What are car shows like the LA Auto Show all about? Sure, there are plain old sedans and minivans and pickup trucks. But there's also some hotter fare. Much hotter fare.
The LA Show gives automakers a chance to show off what they've got, in a city that's always had a love affair with the automobile. Run through the slide show for a sampling of some thrilling rides that you'll definitely want to check out when you come down to show this weekend or next week (it opens to the public on Friday, Nov. 18).
I have a bit of an attitude about food trucks. Living in LA, I tend to take them for granted and also tend to focus on the basics: taco trucks. I am in fact the Foursquare mayor of my favorite truck, where I can get a ceviche tostada or a plate of tacos and a Jarritos soda for less than $5. High-end food trucks have of course become a big deal in LA, but given that we live in America's most spread-out metropolis, they seem to be able to operate without too much trouble.
Down deep, New York has serious LA envy, so in the last few years, food trucks have become thick on the streets there. New Yorkers are competitive eaters (unlike Angelenos, who are basically happy to subsist on a diet of burgers, tacos, sushi, steak and the occasional cleansing bowl of arugula), so of course they can't just emulate LA food-truck culture, they have to transform it into something that might be worthy of a Harvard Business School case study.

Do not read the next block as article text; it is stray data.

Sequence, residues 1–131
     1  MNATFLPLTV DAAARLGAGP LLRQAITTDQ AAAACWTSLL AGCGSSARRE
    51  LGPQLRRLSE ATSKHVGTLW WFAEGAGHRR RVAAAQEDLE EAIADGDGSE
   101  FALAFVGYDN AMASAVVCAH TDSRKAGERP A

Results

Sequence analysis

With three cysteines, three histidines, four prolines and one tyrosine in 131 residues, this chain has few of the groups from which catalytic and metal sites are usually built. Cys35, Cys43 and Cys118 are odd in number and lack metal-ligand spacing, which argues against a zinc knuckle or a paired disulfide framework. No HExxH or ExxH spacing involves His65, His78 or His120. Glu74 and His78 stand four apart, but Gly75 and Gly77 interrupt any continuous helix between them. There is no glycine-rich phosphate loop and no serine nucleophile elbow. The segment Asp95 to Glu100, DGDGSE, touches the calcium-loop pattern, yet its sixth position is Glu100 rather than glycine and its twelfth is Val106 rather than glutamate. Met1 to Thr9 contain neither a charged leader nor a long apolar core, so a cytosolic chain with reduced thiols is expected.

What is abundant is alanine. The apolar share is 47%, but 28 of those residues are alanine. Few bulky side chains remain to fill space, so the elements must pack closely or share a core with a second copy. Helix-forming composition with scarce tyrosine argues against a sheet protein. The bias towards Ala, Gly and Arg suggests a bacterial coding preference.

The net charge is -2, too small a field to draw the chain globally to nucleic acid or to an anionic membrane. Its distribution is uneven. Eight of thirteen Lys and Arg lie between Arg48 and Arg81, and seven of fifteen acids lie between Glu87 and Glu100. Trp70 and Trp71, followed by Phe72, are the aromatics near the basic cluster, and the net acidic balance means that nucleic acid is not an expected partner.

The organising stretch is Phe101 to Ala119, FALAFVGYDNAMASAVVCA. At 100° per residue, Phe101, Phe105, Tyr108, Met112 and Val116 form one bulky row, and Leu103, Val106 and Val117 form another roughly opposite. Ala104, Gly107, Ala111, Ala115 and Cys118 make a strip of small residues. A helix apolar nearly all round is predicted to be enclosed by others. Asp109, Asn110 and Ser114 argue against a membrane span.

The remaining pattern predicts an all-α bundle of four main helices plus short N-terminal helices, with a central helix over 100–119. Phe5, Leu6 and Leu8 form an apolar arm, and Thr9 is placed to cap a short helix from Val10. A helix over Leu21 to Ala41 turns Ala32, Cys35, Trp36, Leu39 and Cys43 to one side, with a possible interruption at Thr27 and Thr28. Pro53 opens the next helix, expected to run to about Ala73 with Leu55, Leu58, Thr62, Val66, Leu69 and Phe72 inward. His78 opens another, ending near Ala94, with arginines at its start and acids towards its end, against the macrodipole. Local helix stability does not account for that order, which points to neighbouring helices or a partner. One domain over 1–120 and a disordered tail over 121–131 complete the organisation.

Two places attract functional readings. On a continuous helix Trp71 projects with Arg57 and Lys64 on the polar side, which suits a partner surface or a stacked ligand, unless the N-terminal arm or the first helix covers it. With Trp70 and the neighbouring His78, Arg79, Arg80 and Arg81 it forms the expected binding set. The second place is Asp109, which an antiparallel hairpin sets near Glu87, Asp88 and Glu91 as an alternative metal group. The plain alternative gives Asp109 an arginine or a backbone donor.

A while back, I suggested that Yahoo, the beleaguered technology colossus, should close up shop in Silicon Valley and move all its operations to Southern California. (It already has an office in Santa Monica.) Now CNN's Juilanne Pepitone reports that something along those lines might be in play. Could Disney buy Yahoo? Here's the lowdown:
While Disney hasn't thrown its name into the ring, one analyst thinks it and its big-media rivals should consider a Yahoo buyout.
"The big guys -- Apple, Google -- aren't interested. And either way, it would make more sense for a traditional media company to buy Yahoo," says James Dobson, stock analyst at The Benchmark Group.
That's because traditional media companies are struggling with how to monetize their online presence. They're still working through the transition from old to new media, and they face stiff competition from upstart online publications.